Editor's Note: This is an opinion column. The thoughts expressed are those of the author.
Imagine going to your doctor’s office for care. You walk in and go to the front desk to check in. But the front desk staff tells you that you can’t get care there. You’re not eligible. Imagine that you know that you are eligible for care, but that this is uniquely due to your being a survivor of sexual violence. Imagine needing to tell the receptionist, in a crowded waiting room, that you are a rape survivor, just to be allowed to see your doctor.
Too often, this is the reality for survivors of military sexual trauma when they seek care and assistance at the Department of Veterans Affairs. Military sexual trauma (MST) is the umbrella term the VA uses for harassment or assault experienced during service. It encompasses both “psychological trauma resulting from a physical assault of a sexual nature, battery of a sexual nature, or sexual harassment which occurred while the veteran was serving on active duty, active duty for training or inactive duty training.” Sexual harassment is further defined as “repeated, unsolicited verbal or physical contact of a sexual nature which is threatening in character.”
Military sexual trauma is unique in the ways it can consume a person’s life. It is an intimate and personal invasion that occurs both where you live and where you work, that may have been committed by someone who is a superior, commander, or colleague upon whom you must rely. It often occurs in a place where your life may already have been in danger, and in a situation that you have no way to escape for a substantial period thereafter.
MST — like combat — is an experience, not a condition or diagnosis. Those who survive it may react in different ways, and not all survivors will struggle with challenges in the long term. However, it is strongly correlated with higher rates of post-traumatic stress disorder and other mental health conditions, and may also have associated physical health difficulties. As a result, survivors often must navigate both halves of the VA — the Veterans Health Administration (VHA) and the Veterans Benefits Administration (VBA). Both of these entities have systems in place that unwittingly serve to re-traumatize survivors, time and time again.
VHA offers an impressive array of mental health services to veterans who experienced MST, including universal screening and evidence-based care that ranges from telehealth to outpatient individual or group psychotherapy to inpatient programs. Importantly, all MST-related care is available free of charge. Veterans may also be able to receive MST care even if they are not otherwise eligible for VA care — for example, if they do not meet length-of-service requirements or exceed the income threshold. Even veterans with other-than-honorable discharges may be able to get MST-related care, though this requires approval from a VBA Regional Office. Veterans do not need to have reported their experience when it occurred or have other documentation to prove the event happened to receive this care.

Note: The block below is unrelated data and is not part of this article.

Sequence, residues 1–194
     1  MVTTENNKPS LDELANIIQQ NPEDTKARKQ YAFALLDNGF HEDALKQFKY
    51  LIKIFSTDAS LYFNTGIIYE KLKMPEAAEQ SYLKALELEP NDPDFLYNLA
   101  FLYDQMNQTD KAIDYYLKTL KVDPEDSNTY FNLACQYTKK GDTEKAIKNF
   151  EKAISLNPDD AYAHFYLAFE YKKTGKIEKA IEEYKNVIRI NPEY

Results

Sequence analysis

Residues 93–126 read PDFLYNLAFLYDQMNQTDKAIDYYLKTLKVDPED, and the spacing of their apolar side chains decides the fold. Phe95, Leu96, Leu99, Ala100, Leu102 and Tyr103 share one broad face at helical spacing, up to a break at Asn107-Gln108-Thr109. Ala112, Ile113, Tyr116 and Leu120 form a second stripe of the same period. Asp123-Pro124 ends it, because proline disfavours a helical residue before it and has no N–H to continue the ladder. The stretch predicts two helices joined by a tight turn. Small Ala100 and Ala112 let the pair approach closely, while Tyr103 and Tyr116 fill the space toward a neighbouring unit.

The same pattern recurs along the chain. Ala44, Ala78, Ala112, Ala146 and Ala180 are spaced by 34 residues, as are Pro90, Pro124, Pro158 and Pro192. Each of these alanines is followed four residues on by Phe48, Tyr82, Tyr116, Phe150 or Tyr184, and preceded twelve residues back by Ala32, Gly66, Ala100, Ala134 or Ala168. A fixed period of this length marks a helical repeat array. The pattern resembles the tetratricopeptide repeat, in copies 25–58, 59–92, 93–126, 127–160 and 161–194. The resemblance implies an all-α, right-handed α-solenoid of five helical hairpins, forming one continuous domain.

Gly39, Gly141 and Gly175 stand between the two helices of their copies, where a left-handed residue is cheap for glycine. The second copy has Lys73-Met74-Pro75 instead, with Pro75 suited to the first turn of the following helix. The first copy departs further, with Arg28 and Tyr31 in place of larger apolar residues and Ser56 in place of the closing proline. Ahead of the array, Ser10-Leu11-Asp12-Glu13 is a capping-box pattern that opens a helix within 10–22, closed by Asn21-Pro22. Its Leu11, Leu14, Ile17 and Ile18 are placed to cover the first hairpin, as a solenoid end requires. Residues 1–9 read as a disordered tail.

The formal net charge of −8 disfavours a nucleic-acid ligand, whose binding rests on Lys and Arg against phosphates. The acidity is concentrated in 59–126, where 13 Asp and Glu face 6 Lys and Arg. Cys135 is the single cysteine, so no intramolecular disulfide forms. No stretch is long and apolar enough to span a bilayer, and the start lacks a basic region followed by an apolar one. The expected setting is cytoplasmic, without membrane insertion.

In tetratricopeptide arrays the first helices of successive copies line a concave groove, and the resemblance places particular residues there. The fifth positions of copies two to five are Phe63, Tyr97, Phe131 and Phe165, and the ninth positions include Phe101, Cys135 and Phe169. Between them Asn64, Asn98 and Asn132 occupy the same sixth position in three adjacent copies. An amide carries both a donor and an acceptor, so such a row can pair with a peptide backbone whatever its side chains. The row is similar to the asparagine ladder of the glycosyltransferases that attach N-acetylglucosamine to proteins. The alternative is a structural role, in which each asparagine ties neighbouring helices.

However, it can be difficult for some veterans to access the care they’re entitled to. One barrier comes when they first enter a VA clinic or hospital. Some MST survivors have reported that they cannot make it past the first “gatekeeper” when seeking an appointment with a VA provider. Oftentimes, this individual works in the eligibility office. Veterans who come for healthcare through the exceptional policy regarding survivors are often turned away at the door, as this first individual fails to realize they fall under an exception to the regular eligibility requirements.
Each VA medical center (VAMC) has an MST Coordinator who serves as a contact person for MST-related issues and who can assist Veterans in accessing care. However, many veterans do not know they exist, front-line staff in the eligibility office do not always know to refer survivors to them for assistance and support, and in many locations, the role is a collateral duty rather than a full-time position. Ensuring MST coordinators have enough dedicated time to both conduct outreach, and to support veterans is an important step VA can take to overcome these challenges.
Another barrier relates to the VA environment. Some women veterans are reluctant to seek services at VAMCs, which are male-dominated spaces that can feel unwelcoming to some survivors. VA is well aware of this concern, which is why the department developed and launched the End Harassment campaign.